Thunder Butte

March 02, 2009

Kirk Hall

Boyd Hall was an old Texan who had fallen out of the trail drives between Texas and Montana. He founded a spread of a few thousand acres in the Chance area of Rabbit Creek and raised a family.

The only one of the Hall family that I ever knew was Kirk. Maybe he was the only child, I never knew.

I used to see the father, Boyd on the street in Faith and in Lemmon from time to time, typical old Texas cowboy---ten gallon hat, boots and spurs, and a walk that you knew was never more than a few feet from some cranky bronco.

My brother Joe, as you know by this time was a rough, tough cow puncher, bulldogger, and bronc rider. Joe's life long best buddy was Kirk Hall.

Kirk was a big, lanky, cowboy with the slow way of talking that made you think of campfires and bronc busting on the Texas trail drives. I guess Kirk just inherited the Southwest from his father. He and Joe were thick as thieves for many years.

Well, when I got on the old train, in Faith, on the way to Omaha to be inducted in to the Navy, the other inductee on the train was Kirk Hall. Although I was much younger, we became good friends and Kirk brought his wife, the former Alice Jones, to Alameda, California to be near my folks.

Kirk and I went through the same boot camp company #174. Although Kirk probably thought I was nuts for the stuff I became involved in, he never wavered in his friendship. He was out on the grid-iron exercising to the commands of the old movie star, George Montgomery, just like the rest of us.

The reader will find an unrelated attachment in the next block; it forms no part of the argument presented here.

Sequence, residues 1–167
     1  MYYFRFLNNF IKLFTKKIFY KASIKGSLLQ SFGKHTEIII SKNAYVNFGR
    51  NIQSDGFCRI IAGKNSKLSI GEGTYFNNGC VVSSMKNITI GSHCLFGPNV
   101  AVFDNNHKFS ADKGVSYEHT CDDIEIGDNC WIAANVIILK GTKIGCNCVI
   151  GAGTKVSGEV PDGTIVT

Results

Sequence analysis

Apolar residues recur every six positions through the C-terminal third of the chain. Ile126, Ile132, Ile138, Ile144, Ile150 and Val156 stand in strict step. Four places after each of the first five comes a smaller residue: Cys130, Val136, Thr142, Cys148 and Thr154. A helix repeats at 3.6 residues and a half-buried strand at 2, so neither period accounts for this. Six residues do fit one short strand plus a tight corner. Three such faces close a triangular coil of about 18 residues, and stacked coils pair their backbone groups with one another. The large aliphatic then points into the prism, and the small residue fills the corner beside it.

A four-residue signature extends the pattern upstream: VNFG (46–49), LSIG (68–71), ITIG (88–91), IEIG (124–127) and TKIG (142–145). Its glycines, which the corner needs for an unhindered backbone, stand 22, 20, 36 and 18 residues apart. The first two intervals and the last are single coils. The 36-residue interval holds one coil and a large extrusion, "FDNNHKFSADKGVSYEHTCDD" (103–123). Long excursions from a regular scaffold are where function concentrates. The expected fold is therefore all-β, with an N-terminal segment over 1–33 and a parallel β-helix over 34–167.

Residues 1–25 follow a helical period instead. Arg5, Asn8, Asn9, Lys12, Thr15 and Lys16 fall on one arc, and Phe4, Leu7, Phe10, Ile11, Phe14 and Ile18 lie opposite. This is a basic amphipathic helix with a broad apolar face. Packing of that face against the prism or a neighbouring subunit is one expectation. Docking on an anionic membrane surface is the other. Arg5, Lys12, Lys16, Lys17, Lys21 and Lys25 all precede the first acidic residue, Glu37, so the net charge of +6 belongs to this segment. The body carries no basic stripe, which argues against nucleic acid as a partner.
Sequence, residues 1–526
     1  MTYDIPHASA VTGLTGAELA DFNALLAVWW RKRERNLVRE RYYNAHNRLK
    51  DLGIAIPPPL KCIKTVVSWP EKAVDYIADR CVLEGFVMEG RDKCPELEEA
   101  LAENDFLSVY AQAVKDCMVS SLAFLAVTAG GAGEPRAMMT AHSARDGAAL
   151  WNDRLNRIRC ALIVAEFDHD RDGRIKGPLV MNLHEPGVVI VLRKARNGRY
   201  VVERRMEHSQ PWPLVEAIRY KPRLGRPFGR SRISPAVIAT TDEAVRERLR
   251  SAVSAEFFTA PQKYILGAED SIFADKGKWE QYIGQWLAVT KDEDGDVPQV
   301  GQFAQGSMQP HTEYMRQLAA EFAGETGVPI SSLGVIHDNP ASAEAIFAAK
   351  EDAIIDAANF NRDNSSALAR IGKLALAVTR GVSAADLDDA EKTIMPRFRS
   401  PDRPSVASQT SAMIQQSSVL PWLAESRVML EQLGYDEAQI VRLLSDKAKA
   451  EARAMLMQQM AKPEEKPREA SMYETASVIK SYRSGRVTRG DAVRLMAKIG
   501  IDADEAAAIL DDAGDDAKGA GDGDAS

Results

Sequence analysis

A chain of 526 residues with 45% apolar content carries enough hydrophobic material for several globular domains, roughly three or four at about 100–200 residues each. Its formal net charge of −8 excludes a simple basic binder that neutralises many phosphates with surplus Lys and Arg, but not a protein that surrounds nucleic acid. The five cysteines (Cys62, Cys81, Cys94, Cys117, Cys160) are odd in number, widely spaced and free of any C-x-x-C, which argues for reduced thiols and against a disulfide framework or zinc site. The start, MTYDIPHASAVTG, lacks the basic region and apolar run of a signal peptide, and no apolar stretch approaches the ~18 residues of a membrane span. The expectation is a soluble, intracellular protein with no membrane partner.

Kirk's wife, Alice became a beautician and I believe this took place while Kirk was overseas.

When we got to San Diego, "boot camp," and processed through, Kirk and I were the only two men from that company to get schools. Everyone else was shipped directly out to ships, the Marines, or to some other over-seas station. Kirk was assigned to Electrician's school and I was assigned
to Hospital Corps school.

Several times during the war , Kirk and I would arrive in Alameda at the same time . He and Alice would come to visit at our place or we to their's. We were such good friends that several times during the war when I would land back in Alameda, I would take Alice to a movie, as Kirk had wanted.

After the war Kirk got a job at the Mare Island Navy base, working as an electrician. I became a pharmaceutical salesman, calling on drug stores and detailing doctors and hospitals.

Kirk never changed. He remained the loyal cowpuncher type who never missed a day of work, never complained and spoke slowly and very little.

After a couple of years, Kirk could no longer stomach the stress and nonsense of life in the city. He bought a war surplus Jeep, loaded Alice and their suitcases in the jeep, and drove back to South Dakota.

I never saw them again, but I have gathered (learned) over the years, from newspapers and Faith area mutual friends, that Kirk became a prosperous rancher in the Rabbit Creek area, raised a family and died of cancer quite a few years ago.

Kirk Hall's son now operates the family ranch and is well known and respected in the area as his father and grandfather were before him.

Kirk's is a great American family, a great solid evolution of the best of America from the days of the Pioneers.

--John Crowley

Editor's Noteā€”From what I can gather from the February 1996 edition of the Angus Journal, Boyd Hall, Kirk's dad, started a ranch near Meadow, South Dakota, in 1933. Kirk must have returned from California to take over the ranch from his dad. Kirk's son, Bruce, and daughter-in-law, Lynn, partnered with him in 1976 and then took over the ranch when Kirk died in 1987.
Mike Crowley Monday, March 02, 2009


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